As hospitals, health professionals and healthcare systems, governments and leaders work to reduce community spread of the coronavirus in the U.S. and protect the most vulnerable individuals, the American Heart Association encourages heart attack and stroke survivors to takes steps for secondary prevention. Reducing risk of another event and staying as healthy as possible is more important than ever to avoid busy hospitals. Also, stroke survivors and people with heart disease may face increased risk for complications if they get COVID-19.
After a heart attack or stroke, as many as 1 in 4 survivors will have another one. Lifestyle changes and working closely with your doctor to manage your health can help minimize the risk of a repeat event.
Up to 80% of ischemic strokes and heart attacks may be prevented with medication (which may include aspirin as recommended by a doctor), and daily routines that help manage your high blood pressure, high cholesterol and diabetes. Your doctor can help you get started.
Heart attack and stroke are medical emergencies. Even as COVID-19 cases strain emergency medicine, experts say calling 9-1-1 is still the best way to access life-saving treatments for people who are experiencing heart attack or stroke symptoms. Emergency medical responders can assess symptoms, begin treatment in the ambulance, and transport the patient to the most appropriate hospital, if necessary.
Hospitals have plans in place to keep potentially contagious patients away from others and keep surfaces clean. Calling 9-1-1 and activating Emergency Medical Services (EMS) will ensure that patients have the best possible chance to beat a heart attack or stroke.
As many in the nation face extended time at home, it is possible that stroke or heart attack warning signs may go unnoticed. It is important to check on those who live alone, regularly. Speaking on the phone or video calls can give important clues about common stroke warning signs, which can be remembered using the acronym F.A.S.T.: F for face drooping, A for arm weakness, S for speech difficulty and T meaning it is time to call 911.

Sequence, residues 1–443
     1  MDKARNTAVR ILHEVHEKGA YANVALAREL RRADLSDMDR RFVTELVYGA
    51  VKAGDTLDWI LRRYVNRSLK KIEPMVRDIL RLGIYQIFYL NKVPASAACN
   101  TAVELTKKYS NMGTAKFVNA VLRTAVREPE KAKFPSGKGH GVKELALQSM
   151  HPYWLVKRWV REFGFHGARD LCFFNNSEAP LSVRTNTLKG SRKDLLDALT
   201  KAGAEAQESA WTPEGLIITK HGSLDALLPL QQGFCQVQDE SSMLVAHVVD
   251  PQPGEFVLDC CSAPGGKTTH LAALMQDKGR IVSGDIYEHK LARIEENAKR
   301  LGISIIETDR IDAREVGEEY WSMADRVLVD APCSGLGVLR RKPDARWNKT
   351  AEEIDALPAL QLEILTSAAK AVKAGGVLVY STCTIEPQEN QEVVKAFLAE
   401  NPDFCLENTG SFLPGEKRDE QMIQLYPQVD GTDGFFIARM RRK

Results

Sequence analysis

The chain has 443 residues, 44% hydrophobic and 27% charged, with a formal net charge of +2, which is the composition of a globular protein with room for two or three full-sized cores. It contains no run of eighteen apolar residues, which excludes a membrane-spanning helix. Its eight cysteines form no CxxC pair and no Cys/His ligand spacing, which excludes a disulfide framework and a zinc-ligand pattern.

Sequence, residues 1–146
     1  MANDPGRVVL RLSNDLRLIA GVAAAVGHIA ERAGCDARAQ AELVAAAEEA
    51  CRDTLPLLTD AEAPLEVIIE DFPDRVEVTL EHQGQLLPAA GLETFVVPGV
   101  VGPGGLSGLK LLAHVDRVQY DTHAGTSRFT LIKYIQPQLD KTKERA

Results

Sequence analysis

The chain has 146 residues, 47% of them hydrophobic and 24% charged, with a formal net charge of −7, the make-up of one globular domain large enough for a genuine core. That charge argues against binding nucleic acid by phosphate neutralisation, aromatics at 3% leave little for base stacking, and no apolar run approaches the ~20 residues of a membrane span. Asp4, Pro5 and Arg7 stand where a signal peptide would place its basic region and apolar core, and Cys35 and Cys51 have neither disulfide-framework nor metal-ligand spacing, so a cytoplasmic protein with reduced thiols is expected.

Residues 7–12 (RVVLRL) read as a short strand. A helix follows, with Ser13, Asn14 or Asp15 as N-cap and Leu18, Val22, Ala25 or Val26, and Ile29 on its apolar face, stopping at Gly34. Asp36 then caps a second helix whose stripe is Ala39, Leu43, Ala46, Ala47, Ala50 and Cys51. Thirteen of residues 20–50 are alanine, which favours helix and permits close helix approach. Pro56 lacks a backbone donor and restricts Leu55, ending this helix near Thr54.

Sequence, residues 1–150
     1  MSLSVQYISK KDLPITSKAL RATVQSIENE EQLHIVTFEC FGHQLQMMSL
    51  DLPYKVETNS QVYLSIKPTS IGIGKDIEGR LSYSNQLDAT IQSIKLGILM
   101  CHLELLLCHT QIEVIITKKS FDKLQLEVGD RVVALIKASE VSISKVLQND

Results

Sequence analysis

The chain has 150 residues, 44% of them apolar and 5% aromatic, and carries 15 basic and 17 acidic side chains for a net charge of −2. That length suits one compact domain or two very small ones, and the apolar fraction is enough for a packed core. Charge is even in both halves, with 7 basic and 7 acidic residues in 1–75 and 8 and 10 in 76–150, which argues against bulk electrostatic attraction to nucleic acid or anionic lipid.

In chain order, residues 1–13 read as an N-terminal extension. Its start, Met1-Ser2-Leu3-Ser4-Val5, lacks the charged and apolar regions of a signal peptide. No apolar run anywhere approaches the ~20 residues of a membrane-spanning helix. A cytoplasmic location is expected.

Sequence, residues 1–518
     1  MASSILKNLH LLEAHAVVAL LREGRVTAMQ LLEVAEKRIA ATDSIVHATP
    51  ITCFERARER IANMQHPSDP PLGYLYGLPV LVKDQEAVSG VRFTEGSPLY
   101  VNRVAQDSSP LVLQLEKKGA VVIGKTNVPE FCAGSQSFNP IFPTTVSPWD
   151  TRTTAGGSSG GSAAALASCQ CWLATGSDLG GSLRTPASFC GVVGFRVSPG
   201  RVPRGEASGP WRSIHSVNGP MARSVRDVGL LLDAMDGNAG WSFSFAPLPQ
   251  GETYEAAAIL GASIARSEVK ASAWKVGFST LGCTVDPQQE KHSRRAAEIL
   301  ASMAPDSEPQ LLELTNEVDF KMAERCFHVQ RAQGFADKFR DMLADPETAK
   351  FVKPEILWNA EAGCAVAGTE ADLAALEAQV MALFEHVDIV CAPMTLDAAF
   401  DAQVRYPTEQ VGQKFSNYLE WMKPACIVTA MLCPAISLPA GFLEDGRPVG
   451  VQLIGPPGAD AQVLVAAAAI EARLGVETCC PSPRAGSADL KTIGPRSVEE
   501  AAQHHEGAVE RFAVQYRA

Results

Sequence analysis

The American Heart Association has resources to learn more about stroke warning signs, prevention and treatment. Download our free American Stroke Month community resource toolkit here:
01 – Letter, Brain Health, ASM, HBP Resource Kit
02 – Table of Contents, 2020 ASM-HBP Resource Kit
03 – Take Action- 2020 ASMonth and National HBP Month
04 – ASM 2020 Prevention, Messaging ToolkitFINAL
05 – Stroke – FAST Infographic – NEW 04.2019
06 – Stroke, HA I Will Prevent, Secondary Prev 2020
07 – Stroke – AFib Can Happen To Anyone
08 – Stroke – Women Higher Risk for Stroke
09 – Stroke – Control Risk Factors for Brain Health Infographic
11 – Brain – Stop Stress In Its Tracks
12 – Brain – Fight Stress With Healthy Habits
13 – Brain – Resilience in the Workplace
14 – Brain – Loving-Kindness Meditation
15 – Brain – 21 Days of Gratitude
16 – Brain – Clean Up Your Sleep Hygiene
17 – BP – LS7 How To Manage Blood Pressure
18 – BP – LTAS, High Blood Pressure and Stroke
19 – BP – ABH, What is High Blood Pressure
20 – BP – Consequences of High Blood Pressure
21 – BP – Blood Pressure Measurements Instructions
22 – BP – Infographic, 7 Tips for Accurate BP Measuring
23 – BP – Infographic, What Can I Do To Improve My BP
24 – BP – ABH, Why Should I Limit Sodium
25 – BP – Guide for Conversation With Your Doctor
26 – BP – ABH, What Is High Blood Pressure Medicine
27 – BP – FREE AHACheckChangeControl BP Program
28 – Other – Online SUPPORT Network (virtual ‘warm blanket’)